abstract = "The recently published report of the SELECT evaluation of selenium and vitamin E provided strong evidence that selenium 200 μg per day in the form of selenomethionine does not protect selenium-replete men against prostate or any other cancer. This seems to refute the result of the much smaller Nutritional Prevention of Cancer (NPC) trial of selenium. Because SELECT did not test the NPC agent, it is possible that the difference between the two trials stems partly from the use of different agents: selenomethionine in SELECT, and selenized yeast in the NPC trial. One of the organic selenium forms suspected of having strong chemopreventive effects, and which may have been present in the NPC agent, is methyl selenocysteine. This study characterizes the single-dose pharmacokinetics of methyl selenocysteine.",
author = "Marshall, {James R.} and Clement Ip and Karen Romano and Gerald Fetterly and Marwan Fakih and Borko Jovanovic and Marjorie Perloff and James Crowell and Warren Davis and Renee French-Christy and Alexander Dew and Margerie Coomes and Raymond Bergan",
year = "2011",
month = "11",
doi = "10.1158/1940-6207.CAPR-10-0259",
language = "English (US)",
volume = "4",
pages = "1938--1944",
journal = "Cancer Prevention Research",
issn = "1940-6207",
publisher = "American Association for Cancer Research Inc.",
number = "11",

}

TY - JOUR

T1 - Methyl selenocysteine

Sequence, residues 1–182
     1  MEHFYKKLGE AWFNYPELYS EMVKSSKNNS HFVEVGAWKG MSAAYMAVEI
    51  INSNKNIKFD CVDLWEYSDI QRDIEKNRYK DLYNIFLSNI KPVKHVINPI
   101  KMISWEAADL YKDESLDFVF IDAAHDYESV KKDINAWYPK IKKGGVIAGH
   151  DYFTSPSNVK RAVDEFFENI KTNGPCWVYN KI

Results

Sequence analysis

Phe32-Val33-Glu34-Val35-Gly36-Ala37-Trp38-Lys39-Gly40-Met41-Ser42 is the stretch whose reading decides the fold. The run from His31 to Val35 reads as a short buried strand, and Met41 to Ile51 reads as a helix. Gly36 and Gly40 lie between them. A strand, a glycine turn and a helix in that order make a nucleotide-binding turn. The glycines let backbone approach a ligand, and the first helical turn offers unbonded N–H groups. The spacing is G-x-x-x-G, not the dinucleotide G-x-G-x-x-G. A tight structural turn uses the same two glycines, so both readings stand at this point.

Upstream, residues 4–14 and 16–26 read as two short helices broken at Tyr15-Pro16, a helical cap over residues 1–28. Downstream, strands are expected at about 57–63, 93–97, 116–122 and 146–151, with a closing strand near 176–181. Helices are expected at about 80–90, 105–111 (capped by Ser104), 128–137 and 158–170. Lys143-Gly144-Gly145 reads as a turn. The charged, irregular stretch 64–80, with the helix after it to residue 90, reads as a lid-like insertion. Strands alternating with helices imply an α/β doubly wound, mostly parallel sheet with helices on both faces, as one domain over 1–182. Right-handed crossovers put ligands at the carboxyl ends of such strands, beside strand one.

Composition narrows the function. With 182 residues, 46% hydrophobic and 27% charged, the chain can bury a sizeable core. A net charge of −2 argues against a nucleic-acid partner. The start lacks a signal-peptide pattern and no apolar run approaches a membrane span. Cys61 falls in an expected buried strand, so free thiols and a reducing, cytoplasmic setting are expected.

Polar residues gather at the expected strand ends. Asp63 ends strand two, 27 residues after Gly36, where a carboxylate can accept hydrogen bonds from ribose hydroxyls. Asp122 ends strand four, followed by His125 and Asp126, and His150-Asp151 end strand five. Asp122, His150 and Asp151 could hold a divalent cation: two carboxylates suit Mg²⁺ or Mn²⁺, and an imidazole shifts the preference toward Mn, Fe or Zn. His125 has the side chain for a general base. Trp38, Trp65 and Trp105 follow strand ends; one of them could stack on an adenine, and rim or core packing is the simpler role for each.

T2 - Single-dose pharmacokinetics in men

AU - Marshall, James R.

AU - Ip, Clement

AU - Romano, Karen

AU - Fetterly, Gerald

AU - Fakih, Marwan

AU - Jovanovic, Borko

AU - Perloff, Marjorie

AU - Crowell, James

AU - Davis, Warren

AU - French-Christy, Renee

AU - Dew, Alexander

AU - Coomes, Margerie

AU - Bergan, Raymond

PY - 2011/11

Y1 - 2011/11

N2 - The recently published report of the SELECT evaluation of selenium and vitamin E provided strong evidence that selenium 200 μg per day in the form of selenomethionine does not protect selenium-replete men against prostate or any other cancer. This seems to refute the result of the much smaller Nutritional Prevention of Cancer (NPC) trial of selenium. Because SELECT did not test the NPC agent, it is possible that the difference between the two trials stems partly from the use of different agents: selenomethionine in SELECT, and selenized yeast in the NPC trial. One of the organic selenium forms suspected of having strong chemopreventive effects, and which may have been present in the NPC agent, is methyl selenocysteine. This study characterizes the single-dose pharmacokinetics of methyl selenocysteine.

AB - The recently published report of the SELECT evaluation of selenium and vitamin E provided strong evidence that selenium 200 μg per day in the form of selenomethionine does not protect selenium-replete men against prostate or any other cancer. This seems to refute the result of the much smaller Nutritional Prevention of Cancer (NPC) trial of selenium. Because SELECT did not test the NPC agent, it is possible that the difference between the two trials stems partly from the use of different agents: selenomethionine in SELECT, and selenized yeast in the NPC trial. One of the organic selenium forms suspected of having strong chemopreventive effects, and which may have been present in the NPC agent, is methyl selenocysteine. This study characterizes the single-dose pharmacokinetics of methyl selenocysteine.

UR - http://www.scopus.com/inward/record.url?scp=81555202942&partnerID=8YFLogxK

UR - http://www.scopus.com/inward/citedby.url?scp=81555202942&partnerID=8YFLogxK

U2 - 10.1158/1940-6207.CAPR-10-0259

DO - 10.1158/1940-6207.CAPR-10-0259

M3 - Article

C2 - 21846796

AN - SCOPUS:81555202942

VL - 4

SP - 1938

EP - 1944

JO - Cancer Prevention Research

JF - Cancer Prevention Research

SN - 1940-6207

IS - 11

ER -